Last edited by HobbesIsReal; 03/23/2006 at 01:02 PM.
  2. #2  
    The labor laws are pretty much the same in Germany. After a trial period, of 3 to 6 months during which time you can terminate an employee without cause, it is almost impossible to fire someone. Not only that, but in the case of a layoff due lack of work, social consideration have to be taken into account. For example a newly hired employee out of his trial period with several children would have to be kept and a bachelor with significantly longer employment would have to be let go.
  3. #3  
    It's all a matter of tradeoffs: economic security at the expense of (potentially drasticly) slower growth
  4. #4  
    Quote Originally Posted by KRamsauer
    It's all a matter of tradeoffs: economic security at the expense of (potentially drasticly) slower growth
    But can you have economic security without employers or investors? If it becomes too expensive to do business in France, employers will seek elsewhere and if growth is too slow investors will seek elsewhere.
  5.    #5  
    Quote Originally Posted by KRamsauer
    It's all a matter of tradeoffs: economic security at the expense of (potentially drasticly) slower growth
    The trade off from what I can see does not seem to worth it. If you have slower job growth that is giving you 25% to 50% unemployed because there are potentially incompetent people working because they passed their 3-6 month probation 6 years ago.

    Man, people start blowing a gasket here in the US when we have 6% unemployment (last month in Feb we were at 4.8%). I could not imagine the protests our streets would be filled with with 25% to 50% unemployment.
  6. #6  
    Quote Originally Posted by hoovs
    But can you have economic security without employers or investors? If it becomes too expensive to do business in France, employers will seek elsewhere and if growth is too slow investors will seek elsewhere.
    When I say drastically, I mean just that: living standards that trail the rest of the world by more and more each year.
  7. #7  
    This is rediculous- how could a country ever agree to a no-fire policy? What were they smoking? So Now nobody gets hired for more than 5 months, how "Secure" is that? And saying you "have" to pay a guy with kids to support... how do you pay him if the money is not there... your business is barely hanging on, so I assume more businesses fail because they can't pay incompetants or even good employees if the business is struggling.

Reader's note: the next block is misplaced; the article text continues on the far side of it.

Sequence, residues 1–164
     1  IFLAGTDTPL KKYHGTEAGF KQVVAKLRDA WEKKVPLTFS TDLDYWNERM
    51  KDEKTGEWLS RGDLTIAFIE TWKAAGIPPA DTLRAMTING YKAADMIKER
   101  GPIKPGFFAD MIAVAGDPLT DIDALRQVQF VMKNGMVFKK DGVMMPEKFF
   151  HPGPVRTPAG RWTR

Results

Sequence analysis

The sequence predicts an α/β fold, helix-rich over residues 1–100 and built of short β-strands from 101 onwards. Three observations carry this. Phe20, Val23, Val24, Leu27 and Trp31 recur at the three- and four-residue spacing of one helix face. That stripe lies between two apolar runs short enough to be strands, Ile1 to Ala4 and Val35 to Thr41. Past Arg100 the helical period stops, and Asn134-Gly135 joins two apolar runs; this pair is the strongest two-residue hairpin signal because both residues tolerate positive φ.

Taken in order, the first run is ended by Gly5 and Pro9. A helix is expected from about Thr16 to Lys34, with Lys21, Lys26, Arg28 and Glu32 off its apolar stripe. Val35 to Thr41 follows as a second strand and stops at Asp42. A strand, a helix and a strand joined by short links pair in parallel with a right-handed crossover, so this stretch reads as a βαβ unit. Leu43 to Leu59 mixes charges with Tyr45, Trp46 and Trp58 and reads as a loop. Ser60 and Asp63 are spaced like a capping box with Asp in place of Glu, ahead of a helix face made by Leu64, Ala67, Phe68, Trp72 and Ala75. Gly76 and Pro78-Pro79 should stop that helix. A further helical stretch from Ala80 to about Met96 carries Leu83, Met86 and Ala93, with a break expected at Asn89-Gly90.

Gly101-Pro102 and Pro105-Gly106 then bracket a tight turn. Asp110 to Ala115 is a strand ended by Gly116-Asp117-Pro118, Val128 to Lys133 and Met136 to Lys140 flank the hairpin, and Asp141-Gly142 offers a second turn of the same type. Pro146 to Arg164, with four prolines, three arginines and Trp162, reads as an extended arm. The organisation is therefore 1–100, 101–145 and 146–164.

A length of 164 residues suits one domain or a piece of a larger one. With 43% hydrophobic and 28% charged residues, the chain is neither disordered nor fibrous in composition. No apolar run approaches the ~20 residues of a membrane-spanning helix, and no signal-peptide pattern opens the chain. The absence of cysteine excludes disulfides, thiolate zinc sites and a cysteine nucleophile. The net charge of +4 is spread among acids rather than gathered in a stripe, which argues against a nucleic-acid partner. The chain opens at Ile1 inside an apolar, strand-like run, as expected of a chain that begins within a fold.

Now the company my dad worked for paid him when he was out sick longer than expected... and the co. I work for bent over backwards to help keep someone on the payroll beyound reasonable time off due to medical issues. But the Gov't requiring it?

    Talk about unfunded mandates.

    So- do the protestors prefer not having any jobs at all? How are they putting food in their mouths now? Or does nanny/gov't do that for them as well?
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  8.    #8  
    It is often hard to get an insider's view of an issue or situation thru the MSM.....is there a French TCer who is willing to express their point of view or some insight?
  9. #9  
    >>This is rediculous- how could a country ever agree to a no-fire policy? What were they smoking? So Now nobody gets hired for more than 5 months, how "Secure" is that? And saying you "have" to pay a guy with kids to support... how do you pay him if the money is not there... your business is barely hanging on, so I assume more businesses fail because they can't pay incompetants or even good employees if the business is struggling.<<

    I was transferred to Germany for 5 years by my company as a plant manager. I learned real quick that if an employee during his trial period had an absence, or was slow in learning his job or his performance was less than stellar, get rid of him/her. The unemployment in this area was very high and you could always find somebody. If they were long term unemployed, we would even consider them, because usually they caused more problems then it worth.

    >>Now the company my dad worked for paid him when he was out sick longer than expected... and the co. I work for bent over backwards to help keep someone on the payroll beyound reasonable time off due to medical issues. But the Gov't requiring it?<<